January-December 2012

The economic background

During the fourth quarter of 2012, the slowdown in world economy eased compared with previous quarters, although, as we shall see below this more positive mood is not applicable to all areas.

The agreements reached during the year by authorities in Europe appear to have paid off in the fourth quarter, when the markets performed positively and financial tensions eased. Even though sovereign risk premiums remain high in certain countries, the measures taken have dissipated doubts about the risk of breakup of the euro. The Troika (the European Commission, International Monetary Fund and European Central Bank) reached new agreements with the government of Greece. Furthermore, the first steps have been taken to set up single banking supervision, which is considered key to breaking the link between sovereign and banking risk. Nonetheless, the euro zone has not been able to avoid further contraction of growth in the fourth quarter, in fact slightly higher than in the previous quarter.

The United States economy performed better in the latter part of 2012 than in the earlier part of the year. Growth in the third quarter was surprisingly positive (up 0.8% quarter-on-quarter) and seems to have carried on into the fourth quarter, with industrial activity recovering after the effects of Hurricane Sandy, more upbeat consumption and the construction sector continuing to improve. The labor market is continuing to create jobs, though not strongly enough to bring down the unemployment rate to any significant extent (it has only fallen by a few tenths of a point below 8%). In any event, the overriding sensation in the quarter has been one of uncertainty (and the feeling continues) regarding the measures the U.S. will finally take to address the hefty imbalance in its public accounts and its debt limit. The country’s economic recovery will depend on how these two questions are resolved.

In the latter part of 2012, the Mexican economy continued with the trend of gentle slowdown which began at the start of the year. In the third quarter, the economy grew by 0.5% quarter-on-quarter. This trend appears to have continued in the fourth quarter, underpinned by domestic demand, given that exports were negatively affected by uncertainty about how the “fiscal cliff” situation will be resolved in the United States.

In South America, activity picked up in the final part of 2012, given the impact of the financial tensions during the first part of the year on the foreign sector and lower consumption coming from advanced economies. Domestic demand remains strong and inflation is generally within the ranges established by central banks.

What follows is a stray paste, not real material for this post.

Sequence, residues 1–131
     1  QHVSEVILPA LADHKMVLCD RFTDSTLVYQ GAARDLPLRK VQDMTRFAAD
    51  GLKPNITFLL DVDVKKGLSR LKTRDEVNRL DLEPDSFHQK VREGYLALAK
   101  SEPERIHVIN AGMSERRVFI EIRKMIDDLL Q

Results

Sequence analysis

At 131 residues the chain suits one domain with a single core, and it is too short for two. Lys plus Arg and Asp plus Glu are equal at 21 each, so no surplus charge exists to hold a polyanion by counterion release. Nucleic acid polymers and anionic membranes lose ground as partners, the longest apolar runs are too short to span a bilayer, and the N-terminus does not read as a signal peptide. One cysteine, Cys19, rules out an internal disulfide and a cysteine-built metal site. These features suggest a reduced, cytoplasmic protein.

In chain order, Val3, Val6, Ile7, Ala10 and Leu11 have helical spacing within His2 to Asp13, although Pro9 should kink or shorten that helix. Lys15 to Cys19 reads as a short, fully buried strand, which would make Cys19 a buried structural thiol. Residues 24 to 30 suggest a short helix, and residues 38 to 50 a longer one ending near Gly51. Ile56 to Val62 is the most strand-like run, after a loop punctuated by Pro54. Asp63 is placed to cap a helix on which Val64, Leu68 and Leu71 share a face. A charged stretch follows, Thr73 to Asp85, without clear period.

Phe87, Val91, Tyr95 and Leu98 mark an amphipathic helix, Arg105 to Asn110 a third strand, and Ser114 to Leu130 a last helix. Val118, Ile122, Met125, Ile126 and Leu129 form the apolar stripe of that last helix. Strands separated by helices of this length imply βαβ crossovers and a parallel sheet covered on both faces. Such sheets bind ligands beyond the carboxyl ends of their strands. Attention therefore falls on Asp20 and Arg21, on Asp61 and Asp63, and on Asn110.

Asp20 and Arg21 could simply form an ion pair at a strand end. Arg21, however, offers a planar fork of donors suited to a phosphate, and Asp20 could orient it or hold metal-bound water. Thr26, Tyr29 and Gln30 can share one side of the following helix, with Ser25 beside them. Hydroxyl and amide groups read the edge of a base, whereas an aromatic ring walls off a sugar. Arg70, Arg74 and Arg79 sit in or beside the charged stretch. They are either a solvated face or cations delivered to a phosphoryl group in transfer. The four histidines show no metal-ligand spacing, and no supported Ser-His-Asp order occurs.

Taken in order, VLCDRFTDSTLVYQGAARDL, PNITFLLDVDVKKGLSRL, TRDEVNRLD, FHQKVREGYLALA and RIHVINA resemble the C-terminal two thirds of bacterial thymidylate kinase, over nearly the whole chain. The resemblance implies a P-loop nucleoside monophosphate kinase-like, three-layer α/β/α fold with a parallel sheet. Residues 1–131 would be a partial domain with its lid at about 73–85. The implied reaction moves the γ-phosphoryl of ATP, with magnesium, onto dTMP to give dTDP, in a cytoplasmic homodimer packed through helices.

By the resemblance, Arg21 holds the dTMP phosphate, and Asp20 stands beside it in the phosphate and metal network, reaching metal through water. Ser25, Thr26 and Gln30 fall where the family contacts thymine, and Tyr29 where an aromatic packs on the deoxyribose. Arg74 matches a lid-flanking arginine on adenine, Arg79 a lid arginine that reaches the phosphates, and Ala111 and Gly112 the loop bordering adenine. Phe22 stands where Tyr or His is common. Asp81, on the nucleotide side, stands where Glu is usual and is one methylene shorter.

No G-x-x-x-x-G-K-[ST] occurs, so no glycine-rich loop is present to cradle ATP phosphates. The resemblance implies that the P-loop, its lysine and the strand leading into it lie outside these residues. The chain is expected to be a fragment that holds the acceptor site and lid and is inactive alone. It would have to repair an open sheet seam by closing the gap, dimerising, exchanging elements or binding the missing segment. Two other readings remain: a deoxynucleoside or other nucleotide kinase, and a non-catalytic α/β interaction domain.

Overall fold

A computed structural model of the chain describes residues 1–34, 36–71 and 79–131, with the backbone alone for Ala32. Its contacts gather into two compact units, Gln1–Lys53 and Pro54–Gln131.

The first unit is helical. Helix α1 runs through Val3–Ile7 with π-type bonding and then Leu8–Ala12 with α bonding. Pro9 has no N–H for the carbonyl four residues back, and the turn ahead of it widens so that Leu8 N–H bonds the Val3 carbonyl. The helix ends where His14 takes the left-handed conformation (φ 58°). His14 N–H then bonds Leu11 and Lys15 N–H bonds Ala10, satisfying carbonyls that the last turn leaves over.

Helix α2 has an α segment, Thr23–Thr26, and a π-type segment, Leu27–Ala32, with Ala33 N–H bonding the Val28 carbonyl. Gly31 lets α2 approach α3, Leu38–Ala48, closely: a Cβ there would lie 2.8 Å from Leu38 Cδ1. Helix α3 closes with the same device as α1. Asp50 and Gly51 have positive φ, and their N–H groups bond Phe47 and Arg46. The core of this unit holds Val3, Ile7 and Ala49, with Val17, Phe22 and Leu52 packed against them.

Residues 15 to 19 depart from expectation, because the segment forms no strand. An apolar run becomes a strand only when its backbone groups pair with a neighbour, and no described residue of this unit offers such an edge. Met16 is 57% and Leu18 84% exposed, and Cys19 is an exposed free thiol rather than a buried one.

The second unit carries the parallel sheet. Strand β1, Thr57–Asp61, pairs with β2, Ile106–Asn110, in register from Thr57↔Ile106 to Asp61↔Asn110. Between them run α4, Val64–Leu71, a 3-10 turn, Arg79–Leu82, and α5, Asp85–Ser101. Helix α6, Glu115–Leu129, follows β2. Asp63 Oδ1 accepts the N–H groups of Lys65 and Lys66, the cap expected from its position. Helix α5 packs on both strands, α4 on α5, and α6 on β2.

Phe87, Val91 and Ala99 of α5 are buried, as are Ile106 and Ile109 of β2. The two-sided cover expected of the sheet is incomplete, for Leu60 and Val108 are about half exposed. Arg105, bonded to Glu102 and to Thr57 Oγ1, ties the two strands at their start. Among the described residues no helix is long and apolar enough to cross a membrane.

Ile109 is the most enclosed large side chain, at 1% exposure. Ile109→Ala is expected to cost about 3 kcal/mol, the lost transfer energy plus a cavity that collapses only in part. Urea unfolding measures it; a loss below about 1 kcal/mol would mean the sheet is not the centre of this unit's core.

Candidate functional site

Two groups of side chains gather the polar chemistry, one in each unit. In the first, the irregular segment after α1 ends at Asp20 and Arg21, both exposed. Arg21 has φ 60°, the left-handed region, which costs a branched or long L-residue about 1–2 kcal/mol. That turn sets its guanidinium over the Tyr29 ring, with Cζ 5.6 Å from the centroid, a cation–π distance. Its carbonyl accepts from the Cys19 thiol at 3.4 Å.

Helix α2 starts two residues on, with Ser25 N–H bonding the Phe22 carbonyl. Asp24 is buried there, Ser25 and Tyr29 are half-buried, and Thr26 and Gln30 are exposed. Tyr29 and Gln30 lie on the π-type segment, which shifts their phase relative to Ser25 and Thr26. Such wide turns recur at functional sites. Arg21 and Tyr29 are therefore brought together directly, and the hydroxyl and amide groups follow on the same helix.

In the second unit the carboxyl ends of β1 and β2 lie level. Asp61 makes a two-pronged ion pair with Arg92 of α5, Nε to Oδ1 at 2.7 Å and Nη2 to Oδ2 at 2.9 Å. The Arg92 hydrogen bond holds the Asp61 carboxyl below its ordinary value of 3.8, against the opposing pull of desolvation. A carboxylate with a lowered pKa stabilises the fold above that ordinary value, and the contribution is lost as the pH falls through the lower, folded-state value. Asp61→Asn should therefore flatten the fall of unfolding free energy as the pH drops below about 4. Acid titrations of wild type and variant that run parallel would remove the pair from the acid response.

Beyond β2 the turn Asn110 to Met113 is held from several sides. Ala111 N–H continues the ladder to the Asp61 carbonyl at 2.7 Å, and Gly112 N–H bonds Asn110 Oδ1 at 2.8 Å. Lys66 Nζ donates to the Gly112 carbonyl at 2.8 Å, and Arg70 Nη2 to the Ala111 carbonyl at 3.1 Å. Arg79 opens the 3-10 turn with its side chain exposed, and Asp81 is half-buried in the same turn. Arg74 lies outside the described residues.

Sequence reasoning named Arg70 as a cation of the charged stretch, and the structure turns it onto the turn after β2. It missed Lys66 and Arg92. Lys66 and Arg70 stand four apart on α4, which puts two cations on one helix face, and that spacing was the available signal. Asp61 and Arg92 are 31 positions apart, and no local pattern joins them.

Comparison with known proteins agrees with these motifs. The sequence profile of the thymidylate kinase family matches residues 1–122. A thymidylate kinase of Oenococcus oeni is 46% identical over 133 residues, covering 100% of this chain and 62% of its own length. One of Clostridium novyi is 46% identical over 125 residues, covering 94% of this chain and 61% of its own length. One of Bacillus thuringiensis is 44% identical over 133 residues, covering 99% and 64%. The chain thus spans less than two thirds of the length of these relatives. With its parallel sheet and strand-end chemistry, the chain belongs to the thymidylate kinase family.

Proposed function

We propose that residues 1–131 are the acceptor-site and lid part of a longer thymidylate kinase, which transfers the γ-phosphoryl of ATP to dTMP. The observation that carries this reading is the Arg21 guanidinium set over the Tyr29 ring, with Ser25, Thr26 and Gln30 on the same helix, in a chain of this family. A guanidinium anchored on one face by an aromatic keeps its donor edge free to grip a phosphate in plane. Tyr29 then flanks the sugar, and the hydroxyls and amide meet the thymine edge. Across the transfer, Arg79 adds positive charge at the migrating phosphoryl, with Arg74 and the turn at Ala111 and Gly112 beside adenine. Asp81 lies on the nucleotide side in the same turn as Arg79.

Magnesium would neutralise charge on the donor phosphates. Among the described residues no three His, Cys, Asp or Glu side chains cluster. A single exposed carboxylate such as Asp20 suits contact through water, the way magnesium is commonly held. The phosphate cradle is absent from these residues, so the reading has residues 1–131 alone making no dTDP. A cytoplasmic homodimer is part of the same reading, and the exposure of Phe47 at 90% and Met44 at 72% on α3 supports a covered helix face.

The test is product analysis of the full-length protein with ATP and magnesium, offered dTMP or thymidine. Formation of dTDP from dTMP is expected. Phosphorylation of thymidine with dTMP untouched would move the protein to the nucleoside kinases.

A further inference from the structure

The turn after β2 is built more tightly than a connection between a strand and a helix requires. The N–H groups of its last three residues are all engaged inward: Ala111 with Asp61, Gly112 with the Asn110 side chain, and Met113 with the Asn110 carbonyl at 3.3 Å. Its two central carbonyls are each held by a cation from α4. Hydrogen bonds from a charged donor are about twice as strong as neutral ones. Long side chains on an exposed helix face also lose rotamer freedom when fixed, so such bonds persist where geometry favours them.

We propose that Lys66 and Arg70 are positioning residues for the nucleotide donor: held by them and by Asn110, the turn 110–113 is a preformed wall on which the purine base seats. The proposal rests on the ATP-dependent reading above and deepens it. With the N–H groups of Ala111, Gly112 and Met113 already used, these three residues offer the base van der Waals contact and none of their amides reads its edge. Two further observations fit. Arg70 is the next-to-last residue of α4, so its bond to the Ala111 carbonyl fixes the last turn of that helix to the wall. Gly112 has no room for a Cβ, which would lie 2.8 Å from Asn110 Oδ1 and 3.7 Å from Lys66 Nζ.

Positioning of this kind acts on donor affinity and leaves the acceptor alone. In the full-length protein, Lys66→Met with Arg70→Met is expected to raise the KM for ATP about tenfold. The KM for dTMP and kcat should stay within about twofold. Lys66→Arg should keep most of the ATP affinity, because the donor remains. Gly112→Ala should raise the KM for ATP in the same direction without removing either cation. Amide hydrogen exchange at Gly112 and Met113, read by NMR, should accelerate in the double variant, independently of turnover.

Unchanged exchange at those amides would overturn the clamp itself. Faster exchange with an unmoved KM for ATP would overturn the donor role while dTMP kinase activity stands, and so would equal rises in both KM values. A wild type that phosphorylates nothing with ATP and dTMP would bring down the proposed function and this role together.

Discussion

In Turkey, the process of correcting its imbalances continues. Inflation has slowed significantly, enabling monetary policy to be eased and therefore providing greater support for domestic demand. Turkey’s current account balance has also improved, and in the final part of the year there has been a more positive mood on the financial markets. However, this has not prevented business activity from slowing in 2012.

Finally, the most recent economic data for China show that the slowing trend has been broken, in a quarter marked by the change of leadership in the country. The figures point to stabilization in the sectors most impacted by global slowdown, and an overall recovery in exports and activity compared with preceding quarters.

With respect to exchange rates, there was an appreciation in the average and final exchange rates year-on-year, in most of the currencies that are relevant to the Group. During the quarter, however, there was depreciation in the average and final exchange rates of all currencies with an influence on the Bank’s financial statements. As a result, the impact of foreign currencies on the Group’s balance sheet, activity and earnings is negative in quarterly terms, but positive year-on-year.

Interest rates

(Quarterly averages)

Download table in Excel

2012 2011

4Q 3Q 2Q 1Q 4Q 3Q 2Q 1Q
Official ECB rate 0.75 0.76 1.00 1.00 1.28 1.50 1.25 1.00
Euribor 3 months 0.20 0.36 0.69 1.04 1.49 1.54 1.44 1.10
Euribor 1 year 0.60 0.90 1.28 1.67 2.05 2.00 2.13 1.74
USA Federal rates 0.25 0.25 0.25 0.25 0.25 0.25 0.25 0.25
TIIE (Mexico) 4.83 4.79 4.76 4.78 4.80 4.81 4.85 4.85

Exchange rates

(Expressed in currency/euro)

Download table in Excel

Year-end exchange rates Average exchange rates

∆% on
∆% on

∆% on
Mexican peso 17.1845 5.0 (3.4) 16.9033 2.3
U.S. dollar 1.3194 (1.9) (2.0) 1.2850 8.3
Argentinean peso 6.4768 (14.0) (6.3) 5.8434 (1.7)
Chilean peso 633.31 6.5 (4.0) 625.00 7.5
Colombian peso 2,331.00 7.8 (0.2) 2,309.47 11.3
Peruvian new sol 3.3678 3.6 (0.3) 3.3896 13.1
Venezuelan bolivar fuerte 5.6616 (1.9) (1.9) 5.5187 8.3
Turkish lira 2.3551 3.7 (1.5) 2.3139 1.1
Chinese yuan 8.2207 (0.8) (1.2) 8.1063 10.9